Meet author Joan C Benson

Joan C Benson is a wife, mother, grandmother, and author/speaker. She has been writing professionally for over thirty years, in addition to her career as an educator, serving primarily as a reading specialist. Her debut historical fiction novel was released in 2020. She has been published in multiple Christian magazines including LifeWay’s “ParentLife,” and Regent University’s “The Christian Leader.” She has published devotional writings on Joan also wrote children’s ministry curriculum for LifeWay Publishing.

Tell us about your newest book.

His Gift is historical fiction based on a true event in my mother’s life as a teen growing up at the cusp of The Great Depression. I was able to travel to her home in Royal Oak, MI, and did major research of the era and location for the setting. The nugget of the story conflict centers on the main character winning an audition to play the Rachmaninoff Concerto #2 with the Detroit Symphony. Molly, who was a senior in high school in the fall of 1929, was a gifted pianist with big dreams to concertize and travel the world. Though the book reveals her tender first love relationship with a good-natured boy named Jack, her main sights are to advance her dream of professional music. When the stock market crashes, her dream is threatened when her family has to move to Chicago, and even sell her beloved piano.

What inspired you to write His Gift?

His Gift was inspired from reading my mother’s diaries after she passed away. Through those short entries, I was able to imagine her as a young woman, hear her voice, and feel her heartbeat of aspiration and desperation when her world turned upside. I wanted to write the story because I felt it would enlighten anyone who had dared to dream and found themselves disappointed. Where was God in her turmoil? How did she reconcile her faith in a loving God despite her loss? The timing of the release of His Gift seems Providential as we have struggled with losses in the world-wide pandemic of 2020.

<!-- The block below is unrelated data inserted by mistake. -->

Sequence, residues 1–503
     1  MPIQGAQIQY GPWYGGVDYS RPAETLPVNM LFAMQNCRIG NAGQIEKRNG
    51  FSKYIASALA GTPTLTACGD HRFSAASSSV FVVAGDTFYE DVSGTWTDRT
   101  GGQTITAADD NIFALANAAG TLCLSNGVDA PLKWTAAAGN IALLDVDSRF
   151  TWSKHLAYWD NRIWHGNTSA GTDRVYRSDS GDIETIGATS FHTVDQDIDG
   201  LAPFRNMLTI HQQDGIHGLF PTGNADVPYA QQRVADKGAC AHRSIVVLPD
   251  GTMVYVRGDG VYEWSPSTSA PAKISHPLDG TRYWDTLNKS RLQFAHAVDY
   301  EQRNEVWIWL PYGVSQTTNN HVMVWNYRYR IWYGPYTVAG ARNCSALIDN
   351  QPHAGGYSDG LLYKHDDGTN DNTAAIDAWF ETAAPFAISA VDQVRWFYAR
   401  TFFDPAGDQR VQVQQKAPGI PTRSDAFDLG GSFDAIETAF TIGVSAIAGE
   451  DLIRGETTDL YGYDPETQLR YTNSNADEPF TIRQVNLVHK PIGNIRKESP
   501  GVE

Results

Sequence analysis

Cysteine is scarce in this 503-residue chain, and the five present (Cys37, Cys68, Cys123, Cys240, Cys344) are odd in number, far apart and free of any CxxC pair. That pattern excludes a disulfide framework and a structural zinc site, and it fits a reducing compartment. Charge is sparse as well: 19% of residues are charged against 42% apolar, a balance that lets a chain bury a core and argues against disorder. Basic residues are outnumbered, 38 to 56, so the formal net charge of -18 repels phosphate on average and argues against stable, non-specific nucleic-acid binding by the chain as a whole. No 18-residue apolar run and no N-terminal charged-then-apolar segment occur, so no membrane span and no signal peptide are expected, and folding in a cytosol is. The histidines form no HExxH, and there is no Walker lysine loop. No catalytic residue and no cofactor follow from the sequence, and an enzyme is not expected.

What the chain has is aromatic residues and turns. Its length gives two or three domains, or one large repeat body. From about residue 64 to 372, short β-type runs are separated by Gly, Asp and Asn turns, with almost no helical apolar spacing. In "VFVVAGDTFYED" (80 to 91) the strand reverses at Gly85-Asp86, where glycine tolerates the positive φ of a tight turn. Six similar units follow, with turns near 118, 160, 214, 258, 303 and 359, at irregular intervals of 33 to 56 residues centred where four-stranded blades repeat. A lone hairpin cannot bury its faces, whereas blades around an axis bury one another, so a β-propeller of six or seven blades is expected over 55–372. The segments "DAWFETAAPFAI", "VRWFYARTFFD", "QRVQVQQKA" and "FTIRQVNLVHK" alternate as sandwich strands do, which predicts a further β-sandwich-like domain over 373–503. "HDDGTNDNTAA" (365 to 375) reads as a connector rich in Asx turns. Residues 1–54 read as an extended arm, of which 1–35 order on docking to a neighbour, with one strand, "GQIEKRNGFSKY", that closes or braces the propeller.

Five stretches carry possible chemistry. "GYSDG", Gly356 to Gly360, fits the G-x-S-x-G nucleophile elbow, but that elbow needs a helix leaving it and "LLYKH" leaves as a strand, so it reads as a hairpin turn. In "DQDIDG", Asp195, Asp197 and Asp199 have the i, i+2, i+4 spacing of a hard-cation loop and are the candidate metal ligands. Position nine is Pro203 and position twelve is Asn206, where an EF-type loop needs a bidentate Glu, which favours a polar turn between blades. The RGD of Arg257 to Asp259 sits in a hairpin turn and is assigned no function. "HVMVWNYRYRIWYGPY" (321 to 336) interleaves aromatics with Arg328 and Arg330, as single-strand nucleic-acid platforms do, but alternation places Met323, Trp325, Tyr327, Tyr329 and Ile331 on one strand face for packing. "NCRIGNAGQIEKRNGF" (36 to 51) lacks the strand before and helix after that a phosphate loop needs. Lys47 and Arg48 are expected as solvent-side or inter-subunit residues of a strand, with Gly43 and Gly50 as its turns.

How would you describe this book to someone?

Brace yourself for a thrilling race through the twists and turns of a young woman determined to see her dream come true. On the cusp of the stock market crash of 1929, seventeen-year-old Molly has aspirations for a career in music after high school. With the passion of an athlete preparing for the Olympics, she trains relentlessly to become the best she can be.

As her world collapses in unimaginable ways, she is left to find peace and purpose in the midst of her crisis. The message of His Gift is universal to anyone who has ever dared to dream in spite of uncontrollable circumstances. The reader will discover with Molly, the hope and peace in a life when yielded to the Giver of all gifts.

What genre do you focus on?

I am currently working on a new contemporary fiction novel, so historical fiction is not my sole focus. I knew I had to share the story of His Gift, and it is obviously historically based. Though His Gift has a late teen main character, I have had great reviews from adults of all ages so I believe it is a book which transcends the classification of YA/NA to adult readers.

Why do you write?

I love to write to encourage people in their faith and give them hope … all ages of people. I love historical fiction because it provides an emotional and relational connection when facts don’t. However, I mostly am driven to write about things about which I feel passionate. My new novel is about the value of life, all lives.

Who is your main character, and how did you choose that name?

My main character is Molly, and I chose the name because my mother was Mildred/Milly. I had trouble creating my fictional character when I tagged her Milly! It seemed like I didn’t have the leeway to flesh out this character when I used my mom’s true name. It was kind of funny, actually, and I had family members tell me I should have named the character Milly. I considered changing the name back to Milly after the novel was finished, but by then, I was in love with “my Molly.”